Gold Rush in the Final Frontier


Gold Rush in the Final Frontier

Property Rights to Celestial Resources

$10,000 quadrillion USD. That is the unfathomable estimated value of the resources within Psyche, a 280-kilometre-wide asteroid flush with valuable metals such as iron, nickel and gold.

On October 13, 2023, NASA launched a spacecraft that will begin mapping Psyche in 2029. NASA’s stated purpose for visiting the asteroid is to gain a better understanding of planetary cores, but the mission is surely of great interest to those who dream of mining Psyche’s resources.

As the spaceflight industry addresses questions of how to get to resource-rich celestial bodies like Psyche, and return to Earth with extracted spoils, a longstanding legal question has come to the forefront: can one own resources extracted from outer space?

The Constitution of Outer Space Law

The 1967 Outer Space Treaty is commonly referred to as the constitution of international outer space law and provides the most widely accepted regime for governing activities in outer space. Formed at the height of the Cold War with the purpose of averting the weaponization of space, the Outer Space Treaty has since been ratified by 114 nations, including all of the major spacefaring nations.

Article II incorporates the “non-appropriation principle” into the Outer Space Treaty and reads as follows:

Outer space, including the moon and other celestial bodies, is not subject to national appropriation by claim of sovereignty, by means of use or occupation, or by any other means.

The “non-appropriation principle” unambiguously prohibits states from claiming sovereignty over celestial bodies. However, whether this principle extends to outer space resources after they have been extracted has been a source of great debate.

The Competing Interpretations of Article II

Those concerned about a free-for-all over outer space resources generally prefer a broad reading of Article II that would prohibit both public and private ownership of celestial bodies and any resources extracted therefrom. They argue that the unimaginability of outer space commercial resource extraction in 1967 justifies the drafters’ failure to address such issues. Further, travaux prĂ©paratoires from the negotiation of the Outer Space Treaty also suggest that the drafters had intended Article II to prohibit claims to private property rights in space.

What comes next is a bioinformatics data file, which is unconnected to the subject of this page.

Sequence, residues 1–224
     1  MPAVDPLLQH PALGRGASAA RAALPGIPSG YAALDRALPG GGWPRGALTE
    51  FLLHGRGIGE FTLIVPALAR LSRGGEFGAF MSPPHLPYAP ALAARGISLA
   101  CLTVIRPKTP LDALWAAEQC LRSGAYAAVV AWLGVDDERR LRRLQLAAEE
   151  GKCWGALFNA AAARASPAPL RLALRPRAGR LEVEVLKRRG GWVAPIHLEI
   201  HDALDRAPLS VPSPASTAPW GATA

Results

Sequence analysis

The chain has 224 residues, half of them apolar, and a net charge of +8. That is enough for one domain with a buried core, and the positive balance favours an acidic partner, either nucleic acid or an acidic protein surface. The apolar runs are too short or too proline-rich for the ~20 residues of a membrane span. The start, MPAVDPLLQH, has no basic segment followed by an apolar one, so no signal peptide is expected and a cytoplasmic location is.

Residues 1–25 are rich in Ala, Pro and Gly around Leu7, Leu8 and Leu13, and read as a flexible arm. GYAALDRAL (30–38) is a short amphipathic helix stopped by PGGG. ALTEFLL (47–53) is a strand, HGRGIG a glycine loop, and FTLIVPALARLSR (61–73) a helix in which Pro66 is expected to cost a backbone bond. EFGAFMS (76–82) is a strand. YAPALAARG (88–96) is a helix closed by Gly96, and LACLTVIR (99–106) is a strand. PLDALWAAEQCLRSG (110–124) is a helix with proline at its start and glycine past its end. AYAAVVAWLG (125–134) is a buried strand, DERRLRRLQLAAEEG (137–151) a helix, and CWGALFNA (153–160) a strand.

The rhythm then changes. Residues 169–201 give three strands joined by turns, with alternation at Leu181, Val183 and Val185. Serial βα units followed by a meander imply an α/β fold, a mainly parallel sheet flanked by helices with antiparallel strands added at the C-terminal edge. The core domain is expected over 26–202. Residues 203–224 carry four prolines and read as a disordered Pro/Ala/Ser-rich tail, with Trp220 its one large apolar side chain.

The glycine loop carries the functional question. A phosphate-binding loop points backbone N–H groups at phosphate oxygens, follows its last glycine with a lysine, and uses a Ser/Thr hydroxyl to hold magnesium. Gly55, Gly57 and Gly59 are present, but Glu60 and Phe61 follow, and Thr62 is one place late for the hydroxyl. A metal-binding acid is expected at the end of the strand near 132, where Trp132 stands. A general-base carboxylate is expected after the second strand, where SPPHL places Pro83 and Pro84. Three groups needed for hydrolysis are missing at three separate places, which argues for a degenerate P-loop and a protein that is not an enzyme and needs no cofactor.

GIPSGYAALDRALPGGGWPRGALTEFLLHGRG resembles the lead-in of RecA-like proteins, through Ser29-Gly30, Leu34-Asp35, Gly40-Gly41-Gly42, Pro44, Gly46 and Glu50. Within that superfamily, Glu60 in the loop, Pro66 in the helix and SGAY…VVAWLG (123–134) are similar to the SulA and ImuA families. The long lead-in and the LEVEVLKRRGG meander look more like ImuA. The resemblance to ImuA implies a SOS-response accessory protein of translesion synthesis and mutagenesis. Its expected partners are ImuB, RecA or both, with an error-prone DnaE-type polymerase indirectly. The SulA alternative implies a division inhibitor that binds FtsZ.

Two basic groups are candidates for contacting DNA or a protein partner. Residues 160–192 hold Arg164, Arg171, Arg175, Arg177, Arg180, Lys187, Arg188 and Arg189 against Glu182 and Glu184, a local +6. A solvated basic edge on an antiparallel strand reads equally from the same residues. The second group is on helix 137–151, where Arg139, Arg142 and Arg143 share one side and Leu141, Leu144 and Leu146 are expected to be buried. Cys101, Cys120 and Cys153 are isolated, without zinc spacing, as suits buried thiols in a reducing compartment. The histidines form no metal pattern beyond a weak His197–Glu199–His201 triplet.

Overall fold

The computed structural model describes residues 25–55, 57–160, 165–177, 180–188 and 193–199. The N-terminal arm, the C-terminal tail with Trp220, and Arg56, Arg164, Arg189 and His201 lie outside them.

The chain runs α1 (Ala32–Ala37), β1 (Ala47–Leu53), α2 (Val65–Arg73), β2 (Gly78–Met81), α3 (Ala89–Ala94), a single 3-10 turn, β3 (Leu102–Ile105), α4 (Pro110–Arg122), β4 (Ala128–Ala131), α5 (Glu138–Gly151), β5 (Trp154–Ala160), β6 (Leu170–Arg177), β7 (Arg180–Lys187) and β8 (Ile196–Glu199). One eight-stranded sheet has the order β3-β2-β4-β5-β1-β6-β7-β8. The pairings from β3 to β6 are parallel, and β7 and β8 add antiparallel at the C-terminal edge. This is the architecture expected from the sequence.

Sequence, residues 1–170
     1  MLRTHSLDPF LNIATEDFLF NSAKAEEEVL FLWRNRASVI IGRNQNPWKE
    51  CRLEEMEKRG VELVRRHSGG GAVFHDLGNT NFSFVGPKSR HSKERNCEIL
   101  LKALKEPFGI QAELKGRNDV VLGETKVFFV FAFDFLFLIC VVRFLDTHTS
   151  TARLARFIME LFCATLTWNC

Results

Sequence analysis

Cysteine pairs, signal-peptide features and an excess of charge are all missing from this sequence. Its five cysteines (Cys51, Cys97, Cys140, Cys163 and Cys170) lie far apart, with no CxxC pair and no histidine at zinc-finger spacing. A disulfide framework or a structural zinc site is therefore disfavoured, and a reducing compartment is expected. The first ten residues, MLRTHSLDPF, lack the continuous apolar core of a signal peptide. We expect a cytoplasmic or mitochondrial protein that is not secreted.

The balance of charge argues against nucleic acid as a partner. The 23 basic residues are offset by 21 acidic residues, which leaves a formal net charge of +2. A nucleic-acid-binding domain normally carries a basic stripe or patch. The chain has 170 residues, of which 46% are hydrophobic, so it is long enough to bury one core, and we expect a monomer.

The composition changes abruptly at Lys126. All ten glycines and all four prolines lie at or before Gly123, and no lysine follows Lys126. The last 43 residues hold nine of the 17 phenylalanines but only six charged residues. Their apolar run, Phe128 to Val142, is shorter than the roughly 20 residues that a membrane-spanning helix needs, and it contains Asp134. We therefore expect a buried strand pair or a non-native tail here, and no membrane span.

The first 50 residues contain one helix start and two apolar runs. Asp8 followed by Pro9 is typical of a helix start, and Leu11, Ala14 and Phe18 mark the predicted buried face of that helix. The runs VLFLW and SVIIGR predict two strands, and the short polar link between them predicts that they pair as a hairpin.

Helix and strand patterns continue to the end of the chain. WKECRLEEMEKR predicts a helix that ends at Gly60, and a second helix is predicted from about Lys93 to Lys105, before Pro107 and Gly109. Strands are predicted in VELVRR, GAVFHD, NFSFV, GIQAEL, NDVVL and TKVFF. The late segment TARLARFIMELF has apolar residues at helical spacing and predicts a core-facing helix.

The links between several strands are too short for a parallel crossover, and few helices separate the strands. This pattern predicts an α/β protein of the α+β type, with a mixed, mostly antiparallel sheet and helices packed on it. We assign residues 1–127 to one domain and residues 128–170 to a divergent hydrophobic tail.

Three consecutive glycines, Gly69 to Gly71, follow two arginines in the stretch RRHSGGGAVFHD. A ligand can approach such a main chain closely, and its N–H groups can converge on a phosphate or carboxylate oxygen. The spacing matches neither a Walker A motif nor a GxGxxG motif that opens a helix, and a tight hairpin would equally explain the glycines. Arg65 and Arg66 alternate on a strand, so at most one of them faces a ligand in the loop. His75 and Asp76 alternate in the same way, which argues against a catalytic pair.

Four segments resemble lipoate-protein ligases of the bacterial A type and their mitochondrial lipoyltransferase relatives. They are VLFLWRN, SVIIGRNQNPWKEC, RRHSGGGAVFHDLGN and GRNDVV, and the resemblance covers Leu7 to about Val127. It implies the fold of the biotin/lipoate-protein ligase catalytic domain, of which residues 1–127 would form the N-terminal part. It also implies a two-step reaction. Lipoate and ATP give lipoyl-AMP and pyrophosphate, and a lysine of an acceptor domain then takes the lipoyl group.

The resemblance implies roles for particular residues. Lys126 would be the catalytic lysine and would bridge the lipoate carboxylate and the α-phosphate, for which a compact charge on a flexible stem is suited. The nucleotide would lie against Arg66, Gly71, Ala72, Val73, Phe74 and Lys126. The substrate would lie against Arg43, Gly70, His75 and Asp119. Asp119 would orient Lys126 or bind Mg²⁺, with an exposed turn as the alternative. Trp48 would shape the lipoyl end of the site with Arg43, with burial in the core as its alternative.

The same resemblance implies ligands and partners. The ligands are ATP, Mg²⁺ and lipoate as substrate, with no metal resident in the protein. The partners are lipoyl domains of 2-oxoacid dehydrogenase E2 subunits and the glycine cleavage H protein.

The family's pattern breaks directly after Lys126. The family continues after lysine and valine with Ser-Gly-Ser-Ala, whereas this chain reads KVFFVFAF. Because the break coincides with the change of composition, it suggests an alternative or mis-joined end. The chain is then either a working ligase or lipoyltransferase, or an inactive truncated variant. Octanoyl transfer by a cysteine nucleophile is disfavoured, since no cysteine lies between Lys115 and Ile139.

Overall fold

Proponents of a liberal approach to outer space resource extraction often prefer a narrower reading of Article II and note that state practice has been to recognize property rights over extracted outer space resources. For instance, the United States government claims ownership over the 842lbs of lunar materials brought back to Earth by the Apollo missions. Domestic legislation, such as the United States’ Commercial Space Launch Competitiveness Act in 2015, and similar legislation in the United Arab Emirates, Japan and Luxembourg, recognizes private ownership rights to resources extracted from outer space.

The Need for a New Legal Framework

In recent years, the legal scholar community has preferred the narrower reading of Article II. Specifically, while most scholars and states recognize that Article II prohibits ownership of in situ property rights in celestial bodies, there is growing acceptance of private property rights in extracted resources.

The practicalities of commercial mining in outer space may push for an even narrower interpretation. Once outer space resource extraction becomes a viable enterprise, commercial entities will likely want their government to provide security over their claim to their celestial rock. Recognition of in situ property rights in celestial bodies may become necessary as a result, despite the “non-appropriation principle.”

Given technological advancements and the ever-increasing demand for valuable minerals, the “non-appropriation principle” may quickly become incompatible with the needs of outer space commerce and industry. Commercial entities are unlikely to wait long before putting their stakes in the terrain of Psyche once technology makes it possible. Spacefaring states have an impetus to revisit the Outer Space Treaty to create a modern legal framework for celestial property rights before outer space becomes the site of the next lawless gold rush.